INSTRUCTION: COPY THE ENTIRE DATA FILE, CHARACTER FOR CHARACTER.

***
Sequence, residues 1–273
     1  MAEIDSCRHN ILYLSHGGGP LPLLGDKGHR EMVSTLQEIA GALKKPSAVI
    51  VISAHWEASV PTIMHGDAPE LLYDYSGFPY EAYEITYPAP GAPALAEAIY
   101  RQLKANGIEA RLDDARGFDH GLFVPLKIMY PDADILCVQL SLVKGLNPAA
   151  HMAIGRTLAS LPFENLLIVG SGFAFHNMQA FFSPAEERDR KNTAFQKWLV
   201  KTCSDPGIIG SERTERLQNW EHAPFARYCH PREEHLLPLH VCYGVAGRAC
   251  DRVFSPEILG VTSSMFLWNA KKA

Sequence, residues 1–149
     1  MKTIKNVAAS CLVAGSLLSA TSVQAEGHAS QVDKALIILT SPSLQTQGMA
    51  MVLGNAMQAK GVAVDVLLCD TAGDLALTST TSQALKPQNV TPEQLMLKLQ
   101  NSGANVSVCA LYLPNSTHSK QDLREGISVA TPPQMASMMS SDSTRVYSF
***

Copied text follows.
Sequence, residues 1–273
     1  MAEIDSCRHN ILYLSHGGGP LPLLGDKGHR EMVSTLQEIA GALKKPSAVI
    51  VISAHWEASV PTIMHGDAPE LLYDYSGFPY EAYEITYPAP GAPALAEAIY
   101  RQLKANGIEA RLDDARGFDH GLFVPLKIMY PDADILCVQL SLVKGLNPAA
   151  HMAIGRTLAS LPFENLLIVG SGFAFHNMQA FFSPAEERDR KNTAFQKWLV
   201  KTCSDPGIIG SERTERLQNW EHAPFARYCH PREEHLLPLH VCYGVAGRAC
   251  DRVFSPEILG VTSSMFLWNA KKA

Sequence, residues 1–149
     1  MKTIKNVAAS CLVAGSLLSA TSVQAEGHAS QVDKALIILT SPSLQTQGMA
    51  MVLGNAMQAK GVAVDVLLCD TAGDLALTST TSQALKPQNV TPEQLMLKLQ
   101  NSGANVSVCA LYLPNSTHSK QDLREGISVA TPPQMASMMS SDSTRVYSF